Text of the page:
The Coming Storm (44.1)

48th of the Aster’s Gloom, 2030 D.C.E

Under a sky lit by fireworks and stars, a surging ocean sent a boat careening past the harbor of the Shining Port and smashing through the stone barriers around Tambwe’s upper waters. Pieces of the old fisher washed up along the meter-thin, sandy stretches of beach beneath the cliffs north of Rangda. Puzzled and alarmed by the vessel, Rangdan law enforcement quickly put together a rescue group. Careful to avoid the same fate as the unknowing fisher, Rangdan boats searched carefully along the rocky depths and hidden shallows, while climbing teams dropped down from the cliffs and onto the beaches to comb the debris.

While the rescuers would have rather been drinking and partying under the falling colors of the pyrotechnics displays, they did not openly complain about fulfilling their duties. Rangda was a coastal town, and these people could be fisherfolk and traders that keep the city supplied. Electric torches in hand, the rescuers searched along the beaches, examining the chunks of the boat that had washed up, and keeping an eye out for signs of life. They found pieces of the prow collecting all along the rocks, and identified the boat from one.

It was a Higwean fishing boat, named the Banteng. Judging by all the pieces, it was around ten meters long and not particularly seaworthy. Any expert eye would have found it inconceivable that such a vessel could sail so far from home. Curiously, no net was found, though the boat had its equipment set up for fishing. Having seen this kind of crash occur to larger vessels, the rescuers thought the boat must have been hurled against the rocks by the violent tides and smashed to pieces. There was a slim chance someone survived.

Despite this, for several hours the operation continued.

Though they searched out at sea and beneath the cliffs, all they found was the wreckage. No bodies were found, no personal effects, no signs that the boat had any particular direction. It was as if a ghost fisher had sailed endless days from the Higwe islands just to crash in this lonely strip of rock. Standard procedure dictated the rescue operation would continue where possible until dawn, allowing the sun to shed light on the situation.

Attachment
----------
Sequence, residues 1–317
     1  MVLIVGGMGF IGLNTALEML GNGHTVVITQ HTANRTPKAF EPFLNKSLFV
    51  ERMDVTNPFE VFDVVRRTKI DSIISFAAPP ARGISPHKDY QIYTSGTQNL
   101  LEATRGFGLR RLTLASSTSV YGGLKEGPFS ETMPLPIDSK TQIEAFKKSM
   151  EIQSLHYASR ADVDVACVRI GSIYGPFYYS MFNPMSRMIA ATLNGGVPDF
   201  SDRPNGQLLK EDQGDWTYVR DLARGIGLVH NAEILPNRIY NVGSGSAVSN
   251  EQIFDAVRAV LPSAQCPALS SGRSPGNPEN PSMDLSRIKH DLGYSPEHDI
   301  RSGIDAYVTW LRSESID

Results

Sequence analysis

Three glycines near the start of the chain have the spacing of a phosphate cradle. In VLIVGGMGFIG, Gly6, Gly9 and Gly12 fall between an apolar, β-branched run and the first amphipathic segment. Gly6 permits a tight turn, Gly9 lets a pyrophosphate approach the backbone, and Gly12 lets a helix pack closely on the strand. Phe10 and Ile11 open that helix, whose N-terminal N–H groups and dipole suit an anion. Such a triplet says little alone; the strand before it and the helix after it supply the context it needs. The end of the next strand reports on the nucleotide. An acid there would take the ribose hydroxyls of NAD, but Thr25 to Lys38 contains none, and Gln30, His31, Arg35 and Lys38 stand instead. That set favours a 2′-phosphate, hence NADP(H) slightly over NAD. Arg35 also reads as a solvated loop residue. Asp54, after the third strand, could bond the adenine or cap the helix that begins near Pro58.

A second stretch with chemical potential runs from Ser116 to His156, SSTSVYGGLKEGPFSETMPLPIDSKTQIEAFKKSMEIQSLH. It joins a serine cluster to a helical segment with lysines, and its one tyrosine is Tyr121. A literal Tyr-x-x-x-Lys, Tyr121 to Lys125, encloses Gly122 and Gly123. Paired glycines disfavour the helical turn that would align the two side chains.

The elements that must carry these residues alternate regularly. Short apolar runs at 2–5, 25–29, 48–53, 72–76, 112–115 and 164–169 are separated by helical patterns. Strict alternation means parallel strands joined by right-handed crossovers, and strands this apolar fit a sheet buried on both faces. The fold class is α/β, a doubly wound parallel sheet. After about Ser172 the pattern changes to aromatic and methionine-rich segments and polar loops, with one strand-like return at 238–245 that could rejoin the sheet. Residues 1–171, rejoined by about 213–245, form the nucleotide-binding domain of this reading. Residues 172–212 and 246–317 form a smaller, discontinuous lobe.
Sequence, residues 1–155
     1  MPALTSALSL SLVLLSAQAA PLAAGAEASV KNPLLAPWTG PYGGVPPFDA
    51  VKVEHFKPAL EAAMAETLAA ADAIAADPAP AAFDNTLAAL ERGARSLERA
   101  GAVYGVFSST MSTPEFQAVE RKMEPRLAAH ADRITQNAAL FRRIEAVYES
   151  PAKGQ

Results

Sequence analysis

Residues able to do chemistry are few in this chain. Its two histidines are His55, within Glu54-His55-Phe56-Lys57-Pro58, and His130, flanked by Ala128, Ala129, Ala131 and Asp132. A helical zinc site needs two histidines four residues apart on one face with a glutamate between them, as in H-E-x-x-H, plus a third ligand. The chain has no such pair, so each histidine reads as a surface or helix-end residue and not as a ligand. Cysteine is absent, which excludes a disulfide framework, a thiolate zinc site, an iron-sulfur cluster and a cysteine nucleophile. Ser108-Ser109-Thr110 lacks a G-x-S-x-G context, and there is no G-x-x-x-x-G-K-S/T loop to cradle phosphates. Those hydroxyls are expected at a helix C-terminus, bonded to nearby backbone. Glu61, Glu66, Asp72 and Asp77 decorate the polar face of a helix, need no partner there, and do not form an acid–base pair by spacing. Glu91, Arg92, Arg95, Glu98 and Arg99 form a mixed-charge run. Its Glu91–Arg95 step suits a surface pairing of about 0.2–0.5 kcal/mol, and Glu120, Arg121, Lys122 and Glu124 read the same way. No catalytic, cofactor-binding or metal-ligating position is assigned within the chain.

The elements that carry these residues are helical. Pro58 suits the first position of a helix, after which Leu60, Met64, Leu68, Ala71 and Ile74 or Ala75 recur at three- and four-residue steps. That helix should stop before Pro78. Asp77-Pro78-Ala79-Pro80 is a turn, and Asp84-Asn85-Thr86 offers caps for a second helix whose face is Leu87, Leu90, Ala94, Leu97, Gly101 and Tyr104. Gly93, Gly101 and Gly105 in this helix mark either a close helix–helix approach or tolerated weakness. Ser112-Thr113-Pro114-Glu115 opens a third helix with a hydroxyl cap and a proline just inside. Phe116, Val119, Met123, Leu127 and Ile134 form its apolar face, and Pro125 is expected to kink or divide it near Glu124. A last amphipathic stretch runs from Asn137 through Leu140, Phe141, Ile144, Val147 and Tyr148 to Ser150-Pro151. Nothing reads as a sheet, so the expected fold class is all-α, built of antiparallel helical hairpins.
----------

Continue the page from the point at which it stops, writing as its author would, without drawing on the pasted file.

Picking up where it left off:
Rescuers, however, were more than willing to let this become nothing but a mystery.

To the rescuers, at least for a few hours after dawn, it would remain so.

At the Shining Port, however, a sleepy morning patrolman from the port security found a connected mystery in the form of a pair of unidentified people climbing the port seawall onto one of the warehouse blocks. Spotting them from afar, he at first assumed nothing about the boat crash or security risks, and instead thought they must be port workers or fishers who fell into the water on accident. He ambled over to offer help; then, close enough to get a better look, he saw black leather waterproof cases strapped to their backs.

“Stop!” he shouted, “what are you doing with those? Stop right now!”

He waved his electric torch, the only piece of equipment he was given.

One of the two arrivals then produced a weapon.

At the sight, the port patrolman felt he had died right there in spirit. His whole body tensed, and he took no further step to close the fifty meter gap between him and them.

However, the mysterious man with the waterproof cases put down his gun.

He raised his hands.

He said something in a language the patrolman did not know and kicked the firearm.

It rolled some distance between them.

Confused, the patrolman followed his first instinct and picked up the weapon.

He looked up from the ground as he bent to take the gun.

Neither of the two mysterious port climbers made a move.

Both of them looked rather young.

What were they up to? It was impossible for the patrolman to imagine.

He had heard stories, years ago, of migrants from other nations who tried to take boats illegally into Ayvarta. They were often fleeing the consequences of political actions taken abroad. But these people took boats here. They ended up on the ports and in the beaches. They did not climb sea walls onto the ports. And they did not carry weapons and goods with them! Of course, all of that happened in peacetime, however.

“Easy now,” he said, raising his voice and pointing his newfound zwitcherer pistol at its former owners. He swept his hands toward himself, urging them to follow. They did not appear to share a language with him at all, and so he used his body language to try to communicate. Thankfully, the two strangers, hands up, began to walk as instructed.

Soon he got them to a phone, and called the police. And for a translator. When asked what language he needed to interpret, the patrolman did not know. He had never met an elf or one of the northern barbarians or a hanwan or anything like that; he had no frame of reference. He practically begged the policemen on the line to just take this burden off him.

After he hung up, the wheels of Ayvartan law, lulled to sleep by their distance from battle and by the levity of the last week, began to spin with a sudden, terrifying realization.

By noon, the fate of the Banteng begged more questions than it answered.

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